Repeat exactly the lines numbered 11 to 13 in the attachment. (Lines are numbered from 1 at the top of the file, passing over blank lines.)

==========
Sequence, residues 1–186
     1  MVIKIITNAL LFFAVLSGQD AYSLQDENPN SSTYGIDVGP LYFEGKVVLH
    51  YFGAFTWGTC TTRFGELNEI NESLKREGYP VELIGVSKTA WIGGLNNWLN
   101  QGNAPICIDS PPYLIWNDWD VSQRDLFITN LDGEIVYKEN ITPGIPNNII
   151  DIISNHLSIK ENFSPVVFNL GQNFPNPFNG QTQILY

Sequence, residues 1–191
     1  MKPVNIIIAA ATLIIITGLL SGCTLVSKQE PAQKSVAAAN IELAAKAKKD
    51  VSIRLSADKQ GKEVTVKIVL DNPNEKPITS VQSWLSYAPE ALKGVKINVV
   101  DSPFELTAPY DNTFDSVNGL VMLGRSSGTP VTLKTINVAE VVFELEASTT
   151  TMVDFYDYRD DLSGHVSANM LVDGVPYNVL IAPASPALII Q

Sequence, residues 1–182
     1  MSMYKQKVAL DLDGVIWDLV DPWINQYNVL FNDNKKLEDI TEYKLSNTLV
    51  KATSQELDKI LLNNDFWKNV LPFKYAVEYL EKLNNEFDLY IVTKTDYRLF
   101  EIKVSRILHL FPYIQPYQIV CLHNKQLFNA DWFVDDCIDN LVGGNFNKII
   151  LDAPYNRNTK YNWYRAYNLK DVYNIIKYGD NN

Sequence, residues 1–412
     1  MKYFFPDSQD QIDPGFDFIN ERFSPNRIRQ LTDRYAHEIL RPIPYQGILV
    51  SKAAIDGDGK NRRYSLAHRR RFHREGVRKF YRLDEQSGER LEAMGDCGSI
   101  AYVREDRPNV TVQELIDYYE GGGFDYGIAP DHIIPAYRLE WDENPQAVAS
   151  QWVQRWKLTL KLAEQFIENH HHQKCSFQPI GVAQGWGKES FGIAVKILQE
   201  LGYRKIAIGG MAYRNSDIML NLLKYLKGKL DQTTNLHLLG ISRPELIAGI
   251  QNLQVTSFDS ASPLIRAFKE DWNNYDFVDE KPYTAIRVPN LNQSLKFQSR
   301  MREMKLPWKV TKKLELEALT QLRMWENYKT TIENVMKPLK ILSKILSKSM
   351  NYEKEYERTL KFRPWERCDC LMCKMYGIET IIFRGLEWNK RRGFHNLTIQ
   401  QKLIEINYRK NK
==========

Sequence, residues 1–182
     1  MSMYKQKVAL DLDGVIWDLV DPWINQYNVL FNDNKKLEDI TEYKLSNTLV
    51  KATSQELDKI LLNNDFWKNV LPFKYAVEYL EKLNNEFDLY IVTKTDYRLF